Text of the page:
What Weeds Need Pulling in the Garden of Your Life?

pull weeds in your gardenEvery spring I’m amazed by how quickly the weeds grow in my garden…and how high. I’m not talking small plants. I mean huge weeds, shoulder-high grasses, fields of thistle, and invasive sweet pea vines along with poison oak.

Last month, I spent two days weeding. In years past, I spent weeks and weeks hand pulling the intruders. These days, I have some help, and still…weeds galore.

If you have even the smallest garden, you understand.

But weeds can take many forms, and they don’t always grow outside.

Weeds in Your House

I took some time this weekend to get rid of some unnecessary items–clutter– lying around my house, like e-waste, broken wheelbarrows, a television antenna attached to our house since the original owner built it, and old clothing. As I cleaned up, I realized the accumulated clutter in my home grows just like weeds.

I can pick up, throw away, and organize, and before I know it, the clutter is back. It shows up not long after my clean-up efforts, and I have to work at keeping it at bay constantly.

I bet you’ve got some of these weeds around your home, too. If you don’t think so, take a careful look.

Weeds in Your Head

Your negative thoughts, limiting beliefs, and unsupportive habits also are weeds. They grow while you aren’t paying attention or accidentally water or fertilize them. And, on a consistent basis, you have to take the time to dig them out, eradicate them, and create a cleaner mental garden that grows something useful.

I find my thoughts train on what I don’t want rather than what I do want–and that grows both negative thoughts and negative creations in my life. Sometimes I find myself worrying about my children. Or I focus on the possibility that I might fail to achieve a current goal, or I could get sick from the person sitting next to me on the airplane. These are mind weeds I need to nip in the bud.

Weeds in Your Relationships

Probably the toughest weeds to pull—even tougher than prickly thistle—are those that pop up in your relationships. You know the kind…the people in your life that begin to choke off your happiness, energy, or sense of well being.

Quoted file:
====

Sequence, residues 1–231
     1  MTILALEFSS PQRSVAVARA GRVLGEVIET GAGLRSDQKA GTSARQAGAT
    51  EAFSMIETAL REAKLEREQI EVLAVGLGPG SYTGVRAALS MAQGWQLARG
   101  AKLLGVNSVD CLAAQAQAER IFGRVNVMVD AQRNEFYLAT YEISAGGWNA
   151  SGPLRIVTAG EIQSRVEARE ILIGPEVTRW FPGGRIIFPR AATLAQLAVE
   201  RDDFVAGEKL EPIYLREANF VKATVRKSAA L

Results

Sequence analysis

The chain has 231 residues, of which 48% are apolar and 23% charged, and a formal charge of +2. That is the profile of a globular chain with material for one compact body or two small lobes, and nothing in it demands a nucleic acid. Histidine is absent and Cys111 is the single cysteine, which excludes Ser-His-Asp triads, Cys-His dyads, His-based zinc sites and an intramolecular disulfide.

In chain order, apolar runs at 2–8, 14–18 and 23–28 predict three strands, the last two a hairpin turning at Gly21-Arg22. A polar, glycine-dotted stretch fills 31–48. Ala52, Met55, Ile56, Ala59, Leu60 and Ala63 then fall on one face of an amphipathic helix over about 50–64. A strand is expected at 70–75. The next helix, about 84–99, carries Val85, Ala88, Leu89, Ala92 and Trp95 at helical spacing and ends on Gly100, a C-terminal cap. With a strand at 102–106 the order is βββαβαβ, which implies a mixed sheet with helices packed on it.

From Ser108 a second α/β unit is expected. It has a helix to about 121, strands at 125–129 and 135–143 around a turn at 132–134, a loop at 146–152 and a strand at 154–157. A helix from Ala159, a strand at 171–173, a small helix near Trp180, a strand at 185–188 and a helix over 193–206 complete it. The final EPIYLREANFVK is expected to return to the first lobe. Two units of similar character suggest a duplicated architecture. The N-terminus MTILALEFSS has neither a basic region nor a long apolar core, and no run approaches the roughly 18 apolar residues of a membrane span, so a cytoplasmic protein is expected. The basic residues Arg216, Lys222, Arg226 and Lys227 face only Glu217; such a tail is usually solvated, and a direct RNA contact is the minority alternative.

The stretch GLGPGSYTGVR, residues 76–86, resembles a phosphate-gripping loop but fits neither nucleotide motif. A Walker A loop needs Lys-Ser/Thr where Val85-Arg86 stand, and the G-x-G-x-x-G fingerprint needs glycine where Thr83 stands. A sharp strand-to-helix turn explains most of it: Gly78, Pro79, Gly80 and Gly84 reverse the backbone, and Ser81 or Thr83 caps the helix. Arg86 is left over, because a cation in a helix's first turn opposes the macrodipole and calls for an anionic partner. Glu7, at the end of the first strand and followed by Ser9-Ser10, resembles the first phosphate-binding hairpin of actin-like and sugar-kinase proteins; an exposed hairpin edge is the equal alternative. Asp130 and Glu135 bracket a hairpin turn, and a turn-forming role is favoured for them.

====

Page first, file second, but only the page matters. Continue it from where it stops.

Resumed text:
Sometimes you do, indeed, need to weed the garden of your relationships. You want to cultivate a relationship garden that you enjoy spending time in and that feed your soul and warms your heart.

The Healing Nature of Weeding

I don’t hate weeding. I like it.

First, it’s a bit like meditation. It makes me feel peaceful to pull the intruders, put my hands in the dirt, and create something clean, orderly, and beautiful.

And there’s something cleansing about weeding, whether it ’s getting rid of junk, relationships, or thoughts and beliefs. The action leaves me feeling hopeful for what will grow in place of the weeds.

Indeed, something beautiful does grow when you remove the unwanted or unnecessary bits that take up space and don’t bring you joy. When you weed, plant, and care for your “life garden,” you’ll discover wonderful surprises sprouting and blooming in every area.

Are you pulling weeds this spring? What kind? Tell me in a comment below.


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Photo courtesy of Joshua Earle on Unsplash

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4 thoughts on “What Weeds Need Pulling in the Garden of Your Life?”

  1. Timely post, Nina. My big insight of late is to question why I’m continually pulling the exact sames weeds – season after season. Obviously, I’ve only plucked the stems and leaves, the obnoxious visible parts, while leaving the roots or dried/fallen seed pods. I’m weary of catching myself proudly clearing clutter – the same clutter I cleared a dozen times previously. My quest is the roots: the underlying habits and attitudes that maintain the unwanted. Getting some great insights. 😉

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